Editors' Note: Updated at 2:16 p.m. ET to include additional test results.
The A12 Bionic processor inside Apple's latest iPhones may be the fastest mobile processor we've tested to date. But it should be hearing the footsteps from Qualcomm's Snapdragon 855, as that new chipset is rapidly closing the performance gap.
The 855 is widely expected to power the upcoming Samsung Galaxy S10 in the U.S. which launches Feb. 20.
We've had a chance to put a device running the Snapdragon 855 through a series of benchmark tests. And while the A12 maintains an edge over Qualcomm's new processor, the gap is the narrowest its been in some time. Qualcomm's latest chip also continues to enjoy a big advantage over the A12 when it comes to graphics. And of course, that translates to big gains over Qualcomm's previous top-of-the-line mobile chipset, the Snapdragon 845, which powers most of 2018's top phones.
Then again, Qualcomm promised as much when it unveiled the Snapdragon 855 in December. At the time, Qualcomm said the Kryo 485 CPU in the Snapdragon 855 would deliver a 45 percent performance improvement over the Snapdragon 845. The Adreno 640 GPU was expected to offer a 20 percent boost to graphics. That translates to the biggest performance boost ever for a Snapdragon update, according to Qualcomm.
Put another way, Qualcomm senior director for product management Travis Lanier said that the Snapdragon 855 was like adding the performance of an Snapdragon 800 chipset onto last year's 845. So it's no surprise to see the gains we saw when putting the new processor to the test.
How we tested
We ran a series of synthetic benchmarks on a Qualcomm-supplied reference device powered by a Snapdragon 855 mobile processor. Our test device had a 5.99-inch 2880 x 1440 AMOELD display and included 6GB of RAM. We conducted tests at the invitation of Qualcomm during a benchmarking session at CES 2019, comparing the results we recorded to other flagship smartphones we tested in the past year.
Our benchmark numbers come from a reference device, not an actual smartphone, so numbers may vary once device makers start releasing phones powered by the Snapdragon 855. But our initial test results give us a better idea of what to expect when those phones start arriving, possibly as soon as February when Samsung takes the wraps off the Galaxy S10.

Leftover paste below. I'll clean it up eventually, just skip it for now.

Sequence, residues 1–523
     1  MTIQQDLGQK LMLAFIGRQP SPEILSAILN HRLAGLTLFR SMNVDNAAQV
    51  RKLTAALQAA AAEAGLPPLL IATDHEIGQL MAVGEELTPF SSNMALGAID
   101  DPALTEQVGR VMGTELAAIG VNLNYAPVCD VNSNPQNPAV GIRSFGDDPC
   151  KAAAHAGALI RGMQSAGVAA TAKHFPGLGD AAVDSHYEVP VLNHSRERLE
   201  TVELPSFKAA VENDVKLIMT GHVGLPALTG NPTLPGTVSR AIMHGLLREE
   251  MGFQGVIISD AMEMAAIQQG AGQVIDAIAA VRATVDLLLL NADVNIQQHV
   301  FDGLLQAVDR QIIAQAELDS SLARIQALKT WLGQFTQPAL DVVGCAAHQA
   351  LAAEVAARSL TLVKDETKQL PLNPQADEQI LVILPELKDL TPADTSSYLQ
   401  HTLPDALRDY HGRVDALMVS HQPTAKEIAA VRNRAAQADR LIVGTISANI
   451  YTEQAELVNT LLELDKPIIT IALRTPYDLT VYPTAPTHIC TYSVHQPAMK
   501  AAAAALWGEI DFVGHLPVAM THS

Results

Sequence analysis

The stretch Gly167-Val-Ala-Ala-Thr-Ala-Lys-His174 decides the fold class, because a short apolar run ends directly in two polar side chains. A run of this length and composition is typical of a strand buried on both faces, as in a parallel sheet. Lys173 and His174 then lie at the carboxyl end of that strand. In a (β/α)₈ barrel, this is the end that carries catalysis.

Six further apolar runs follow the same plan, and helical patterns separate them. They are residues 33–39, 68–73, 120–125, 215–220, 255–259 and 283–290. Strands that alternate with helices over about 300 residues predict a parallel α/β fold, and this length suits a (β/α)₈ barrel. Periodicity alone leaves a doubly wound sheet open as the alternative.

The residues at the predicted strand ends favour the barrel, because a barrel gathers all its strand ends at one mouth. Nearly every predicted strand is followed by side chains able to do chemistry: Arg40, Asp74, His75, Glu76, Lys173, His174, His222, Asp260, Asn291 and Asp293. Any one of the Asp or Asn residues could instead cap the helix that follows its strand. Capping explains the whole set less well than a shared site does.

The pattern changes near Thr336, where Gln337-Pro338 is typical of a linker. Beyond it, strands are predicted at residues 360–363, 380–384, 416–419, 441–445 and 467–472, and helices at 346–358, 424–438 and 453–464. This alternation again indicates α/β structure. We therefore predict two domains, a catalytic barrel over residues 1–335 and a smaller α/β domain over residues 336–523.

Geekbench 4: Closing the gap with iPhone
Geekbench 4, which measures overall performance, has long been Apple's opportunity to flex the dominance of its in-house designed mobile processors over chipsets from other companies. When we tested the A12 Bionic powering the iPhone XS last fall, that phone produced a score of 11,420 — far ahead of any phone running Qualcomm's Snapdragon 845 and Huawei's Kirin 980.
That's changing with the Snapdragon 855. When we ran Geekbench 4 on our reference device, we saw Qualcomm's new chipset post a multicore score of 11,196. That's a 25 percent improvement over the 8,972 Geekbench 4 result of the OnePlus 6T, a top-performing Snapdragon 845-powered device that also has the benefit of 8GB of RAM. Our Snapdragon 855 test unit also beat the Kirin 980-powered Huawei Mate 20 Pro's 9,973 score.
Geekbench 4 Scores
|Apple iPhone XS||A12 Bionic||11,420|
|Qualcomm Snapdragon 855 Reference Device||Snapdragon 855||11,196|
|Huawei Mate 20 Pro||Kirin 980||9,973|
|OnePlus 6T||Snapdragon 845||8,972|
|Samsung Galaxy Note 9||Snapdragon 845||8,876|
|Google Pixel 3 XL||Snapdragon 845||7,684|
But the key takeaway here is how narrow the gap is between the iPhone XS and our Snapdragon 855-powered device. There's only a 2 percent difference in Geekbench 4 scores — a far cry from the 26 percent advantage the iPhone XS enjoys over the Snapdragon 845-powered Galaxy Note 9.
Of course, those are just multicore scores. In single-core testing, the A12 continues to enjoy an advantage over Qualcomm's latest chip. The Snapdragon 855 we tested produced a Geekbench 4 single-core score of 3,552, which doesn't keep up with the 4,701 score our iPhone XS produced.
Video Editing Test
Apple's A12 chip continues to enjoy an advantage in our real-world test where we use the Adobe Premiere Clips app to transcode a 2-minute 4K video to 1080p. The Snapdragon 855-powered device struggled with this test, taking 3 minutes, 29 seconds to complete the task. That's faster than the OnePlus 6T (3:45), but not as fast as Google's Pixel 3 XL (2:42), both of which use the Snapdragon 845. And Apple continues to blow away the competition here, transcoding the video in a blazing 39 seconds.
Qualcomm counters that its new chipset performs well in other real-world settings, pointing to its own tests that indicate apps like Gmail, Google Maps, Facebook Twitter, WeChat, Instagram and YouTube open faster on the Snapdragon 855 than they do on other 7-nanometer mobile processors. (That would be the A12 Bionic and Kirin 980.)
Adobe Premiere Clips Results